Dravidian

Dravidian

[druh-vid-ee-uhn]
noun
1.
a family of languages, wholly distinct from Indo-European, spoken mostly in southern India and Sri Lanka and including Tamil, Telugu, Kannada, Malayalam, and, in Pakistan, Brahui.
2.
a member of the aboriginal population occupying much of southern India and parts of Sri Lanka.
adjective
3.
Also, Dravidic. of or pertaining to this people or their language.

Origin:
1855–60; < Sanskrit Draviḍ(a) ethnonym + -ian

pre-Dravidian, adjective
pre-Dravidic, adjective
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World English Dictionary
Dravidian (drəˈvɪdɪən)
 
n
1.  a family of languages spoken in S and central India and Sri Lanka, including Tamil, Malayalam, Telugu, Kannada, and Gondi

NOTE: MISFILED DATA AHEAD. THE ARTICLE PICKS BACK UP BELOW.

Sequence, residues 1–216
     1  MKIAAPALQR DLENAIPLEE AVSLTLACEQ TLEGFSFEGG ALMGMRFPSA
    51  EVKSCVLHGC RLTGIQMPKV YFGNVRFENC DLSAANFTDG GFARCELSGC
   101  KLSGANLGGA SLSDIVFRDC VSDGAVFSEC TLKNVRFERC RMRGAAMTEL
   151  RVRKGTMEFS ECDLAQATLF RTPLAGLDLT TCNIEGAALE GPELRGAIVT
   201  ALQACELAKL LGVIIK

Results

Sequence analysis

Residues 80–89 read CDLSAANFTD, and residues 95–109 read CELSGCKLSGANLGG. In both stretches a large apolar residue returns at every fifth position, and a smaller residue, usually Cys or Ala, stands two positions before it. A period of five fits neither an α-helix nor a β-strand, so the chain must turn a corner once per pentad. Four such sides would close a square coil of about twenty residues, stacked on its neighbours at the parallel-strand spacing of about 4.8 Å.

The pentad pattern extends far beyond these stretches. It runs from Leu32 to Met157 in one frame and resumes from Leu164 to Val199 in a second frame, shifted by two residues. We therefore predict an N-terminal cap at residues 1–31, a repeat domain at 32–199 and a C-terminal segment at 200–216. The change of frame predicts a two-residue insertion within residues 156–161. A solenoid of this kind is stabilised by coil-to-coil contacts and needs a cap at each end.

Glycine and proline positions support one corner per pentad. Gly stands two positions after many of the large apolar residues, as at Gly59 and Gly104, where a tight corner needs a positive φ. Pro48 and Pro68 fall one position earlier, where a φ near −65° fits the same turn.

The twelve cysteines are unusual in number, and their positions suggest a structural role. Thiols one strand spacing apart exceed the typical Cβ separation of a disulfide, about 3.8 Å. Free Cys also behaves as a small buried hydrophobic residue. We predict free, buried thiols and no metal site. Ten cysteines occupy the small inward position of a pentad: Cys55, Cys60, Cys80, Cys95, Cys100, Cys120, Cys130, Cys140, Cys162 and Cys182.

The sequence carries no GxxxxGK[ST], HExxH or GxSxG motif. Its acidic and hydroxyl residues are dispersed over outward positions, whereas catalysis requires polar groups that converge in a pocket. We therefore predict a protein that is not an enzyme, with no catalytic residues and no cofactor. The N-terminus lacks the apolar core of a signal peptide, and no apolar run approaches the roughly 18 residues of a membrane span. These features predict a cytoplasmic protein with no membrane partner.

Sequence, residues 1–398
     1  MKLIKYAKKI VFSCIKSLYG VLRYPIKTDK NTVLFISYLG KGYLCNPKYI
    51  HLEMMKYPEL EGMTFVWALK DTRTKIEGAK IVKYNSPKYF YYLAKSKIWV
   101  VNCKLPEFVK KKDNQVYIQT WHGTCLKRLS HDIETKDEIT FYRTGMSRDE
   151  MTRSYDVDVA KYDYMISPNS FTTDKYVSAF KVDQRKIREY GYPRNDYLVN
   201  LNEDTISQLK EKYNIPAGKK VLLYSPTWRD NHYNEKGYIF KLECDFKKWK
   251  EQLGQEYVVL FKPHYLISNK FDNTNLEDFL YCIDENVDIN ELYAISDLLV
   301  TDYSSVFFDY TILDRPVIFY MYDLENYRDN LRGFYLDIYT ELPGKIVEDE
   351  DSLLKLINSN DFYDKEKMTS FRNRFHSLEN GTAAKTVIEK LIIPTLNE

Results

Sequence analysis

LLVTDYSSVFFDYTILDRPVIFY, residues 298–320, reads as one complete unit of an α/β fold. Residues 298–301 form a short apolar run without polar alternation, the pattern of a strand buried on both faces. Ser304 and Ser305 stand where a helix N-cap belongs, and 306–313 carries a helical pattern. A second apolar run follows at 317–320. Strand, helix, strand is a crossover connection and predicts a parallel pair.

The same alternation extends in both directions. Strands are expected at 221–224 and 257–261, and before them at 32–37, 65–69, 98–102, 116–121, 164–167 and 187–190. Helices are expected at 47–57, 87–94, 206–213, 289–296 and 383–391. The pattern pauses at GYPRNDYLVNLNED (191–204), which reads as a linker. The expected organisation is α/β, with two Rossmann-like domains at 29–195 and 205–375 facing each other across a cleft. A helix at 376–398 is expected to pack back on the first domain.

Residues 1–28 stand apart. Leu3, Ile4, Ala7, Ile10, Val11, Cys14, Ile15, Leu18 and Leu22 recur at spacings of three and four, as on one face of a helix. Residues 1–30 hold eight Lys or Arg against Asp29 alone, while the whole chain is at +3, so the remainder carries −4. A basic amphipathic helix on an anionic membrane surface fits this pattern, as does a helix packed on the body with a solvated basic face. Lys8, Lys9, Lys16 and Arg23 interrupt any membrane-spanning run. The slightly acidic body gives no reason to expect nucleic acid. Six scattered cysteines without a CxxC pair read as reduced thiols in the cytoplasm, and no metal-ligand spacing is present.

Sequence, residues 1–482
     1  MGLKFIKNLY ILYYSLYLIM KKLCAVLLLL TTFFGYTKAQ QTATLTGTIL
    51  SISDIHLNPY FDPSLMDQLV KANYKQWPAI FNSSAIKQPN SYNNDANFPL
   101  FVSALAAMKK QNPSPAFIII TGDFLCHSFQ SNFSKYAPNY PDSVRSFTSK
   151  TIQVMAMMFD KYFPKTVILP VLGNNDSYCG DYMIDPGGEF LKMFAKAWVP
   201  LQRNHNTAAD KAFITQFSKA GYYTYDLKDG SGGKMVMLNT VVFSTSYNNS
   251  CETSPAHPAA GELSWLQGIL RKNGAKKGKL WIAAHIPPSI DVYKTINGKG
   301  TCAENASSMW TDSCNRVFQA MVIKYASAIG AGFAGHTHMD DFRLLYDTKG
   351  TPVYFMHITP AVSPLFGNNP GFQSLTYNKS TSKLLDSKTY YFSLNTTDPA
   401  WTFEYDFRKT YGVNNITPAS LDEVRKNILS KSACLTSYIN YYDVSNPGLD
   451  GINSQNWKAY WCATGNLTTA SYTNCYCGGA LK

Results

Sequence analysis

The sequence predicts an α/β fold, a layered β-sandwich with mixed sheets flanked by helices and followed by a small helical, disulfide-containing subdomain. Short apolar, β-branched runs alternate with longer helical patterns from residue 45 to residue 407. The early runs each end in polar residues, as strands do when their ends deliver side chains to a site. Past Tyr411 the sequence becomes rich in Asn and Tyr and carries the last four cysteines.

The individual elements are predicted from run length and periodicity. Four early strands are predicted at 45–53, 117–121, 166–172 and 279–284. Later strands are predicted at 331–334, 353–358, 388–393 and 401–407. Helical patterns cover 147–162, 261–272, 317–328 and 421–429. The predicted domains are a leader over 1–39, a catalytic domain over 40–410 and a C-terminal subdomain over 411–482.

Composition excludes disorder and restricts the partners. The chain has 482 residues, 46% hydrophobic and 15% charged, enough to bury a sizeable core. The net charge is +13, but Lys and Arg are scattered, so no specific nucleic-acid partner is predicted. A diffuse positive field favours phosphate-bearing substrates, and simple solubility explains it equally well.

2.  a member of one of the aboriginal races of India, pushed south by the Indo-Europeans and now mixed with them
 
adj
3.  denoting, belonging to, or relating to this family of languages or these peoples

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Word Origin & History

Dravidian
1856, "pertaining to the race in southern India or the languages spoken by them," from Skt. Dravidah, name of a region in southern India.
Online Etymology Dictionary, © 2010 Douglas Harper
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